May 19-20, 2007
This past weekend Jobst and I rode over the Sierra, no big deal if you don't mind climbing 20,000 feet. As I discovered, you can complete this 210-mile ride on only three 100-mile rides, but bring the Advil. After reading Jobst's deposition, I decided to tell what else happened.
The Sierra Ride odyssey really begins on a Friday around 3 p.m., no later. That's because the drive to Sonora, our starting point, requires joining the migrating weekenders and hordes of Central Valley residents who drive 50 million miles a year to and from San Francisco just so they can own an affordable house.
That drive is taking longer and longer and costing a heck of a lot more with gas at $3.40 a gallon. I arrived a few minutes early and waited for Jobst to get his act in gear. We chose his 1991 white Volvo wagon over my dilapidated 1989 Mazda 323 with no leg room.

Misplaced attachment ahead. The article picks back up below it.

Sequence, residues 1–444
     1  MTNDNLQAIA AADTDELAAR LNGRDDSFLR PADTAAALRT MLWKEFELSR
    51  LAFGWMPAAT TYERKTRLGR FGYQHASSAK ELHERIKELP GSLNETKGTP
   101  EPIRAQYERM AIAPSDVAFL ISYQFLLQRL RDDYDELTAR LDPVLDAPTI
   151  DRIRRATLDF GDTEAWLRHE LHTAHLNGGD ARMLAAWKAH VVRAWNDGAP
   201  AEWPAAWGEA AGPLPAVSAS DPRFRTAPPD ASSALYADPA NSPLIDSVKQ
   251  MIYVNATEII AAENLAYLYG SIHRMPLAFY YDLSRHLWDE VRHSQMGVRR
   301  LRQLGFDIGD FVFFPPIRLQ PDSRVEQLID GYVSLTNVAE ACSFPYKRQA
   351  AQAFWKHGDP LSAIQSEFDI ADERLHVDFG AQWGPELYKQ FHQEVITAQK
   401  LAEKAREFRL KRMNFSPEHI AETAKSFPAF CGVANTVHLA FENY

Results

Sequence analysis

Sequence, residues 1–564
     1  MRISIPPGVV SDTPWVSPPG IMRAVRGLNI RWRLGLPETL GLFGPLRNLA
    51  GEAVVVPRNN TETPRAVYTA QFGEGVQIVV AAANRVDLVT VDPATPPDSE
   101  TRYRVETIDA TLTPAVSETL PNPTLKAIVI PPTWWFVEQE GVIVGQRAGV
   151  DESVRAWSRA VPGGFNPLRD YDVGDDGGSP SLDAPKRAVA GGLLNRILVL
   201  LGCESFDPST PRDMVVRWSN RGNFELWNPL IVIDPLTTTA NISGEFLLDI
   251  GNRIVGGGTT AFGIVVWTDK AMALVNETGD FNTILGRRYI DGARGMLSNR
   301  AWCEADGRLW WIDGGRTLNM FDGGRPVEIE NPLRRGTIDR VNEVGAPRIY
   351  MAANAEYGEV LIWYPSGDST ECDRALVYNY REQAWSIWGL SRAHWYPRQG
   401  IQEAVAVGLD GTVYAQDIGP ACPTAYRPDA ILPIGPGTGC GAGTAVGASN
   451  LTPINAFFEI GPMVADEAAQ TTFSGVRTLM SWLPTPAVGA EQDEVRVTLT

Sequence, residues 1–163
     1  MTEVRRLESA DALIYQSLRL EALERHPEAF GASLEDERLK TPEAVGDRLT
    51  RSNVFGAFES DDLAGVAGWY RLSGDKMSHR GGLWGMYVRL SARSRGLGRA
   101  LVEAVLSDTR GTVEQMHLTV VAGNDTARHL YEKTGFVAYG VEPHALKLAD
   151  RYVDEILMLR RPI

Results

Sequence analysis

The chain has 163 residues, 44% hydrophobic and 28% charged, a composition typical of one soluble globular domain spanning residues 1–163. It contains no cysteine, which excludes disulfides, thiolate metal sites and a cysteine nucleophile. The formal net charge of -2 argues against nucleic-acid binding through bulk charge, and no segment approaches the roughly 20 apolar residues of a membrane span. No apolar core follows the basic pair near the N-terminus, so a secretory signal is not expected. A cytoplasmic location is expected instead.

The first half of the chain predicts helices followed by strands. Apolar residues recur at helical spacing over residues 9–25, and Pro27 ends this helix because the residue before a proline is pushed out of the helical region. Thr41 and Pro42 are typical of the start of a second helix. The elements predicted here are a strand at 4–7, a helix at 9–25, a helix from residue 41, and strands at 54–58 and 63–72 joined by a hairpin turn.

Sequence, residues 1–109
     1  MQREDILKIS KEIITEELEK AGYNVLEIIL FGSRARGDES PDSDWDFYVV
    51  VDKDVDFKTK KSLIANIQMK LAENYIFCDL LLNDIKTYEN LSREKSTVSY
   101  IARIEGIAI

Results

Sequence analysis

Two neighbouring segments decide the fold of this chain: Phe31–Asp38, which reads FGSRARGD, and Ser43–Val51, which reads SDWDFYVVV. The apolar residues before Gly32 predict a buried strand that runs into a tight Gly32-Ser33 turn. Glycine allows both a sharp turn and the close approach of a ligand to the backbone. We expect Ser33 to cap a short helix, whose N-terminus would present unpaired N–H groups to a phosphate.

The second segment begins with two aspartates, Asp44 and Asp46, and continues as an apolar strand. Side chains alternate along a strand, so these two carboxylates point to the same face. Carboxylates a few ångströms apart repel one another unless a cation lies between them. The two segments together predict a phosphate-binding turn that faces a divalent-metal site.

As it turned out, his car has a bent right front wheel that vibrates around 80 miles per hour, which is his average driving speed on the 580 autobahn. But I didn't notice anything, except that his electric windows are wired backwards. Down is up and up is down. Is that Swedish engineering or what?
Just beyond the Dumbarton Bridge we hit traffic. Choosing 880/580 over 84/Niles Canyon, Jobst immediately regretted his decision as we crept along studying truck license plates. Did you know that today's giant trucks have dual exhaust pipes when they really only need one? Someone came up the bright idea that two looks a lot sexier than one. That and the latest "gangster cars" from Chrysler occupied our thoughts.
We had plenty of time to contemplate these worldly concerns. Eventually traffic started moving and we sped over Altamont Pass as Jobst pointed out the transcontinental railroad and about 50 other railroad lines. I can't tell you all their names, but rest assured it probably has the word Pacific in it, or a direction -- Western, Eastern, Northern, or Southern.
Central Valley withers
Driving through the Central Valley it's not hard to understand why it's only a matter of time before this country imports all its food. You can't grow food on housing tracts. We digested that grim reality over a giant sandwich at Quiznos in Oakdale.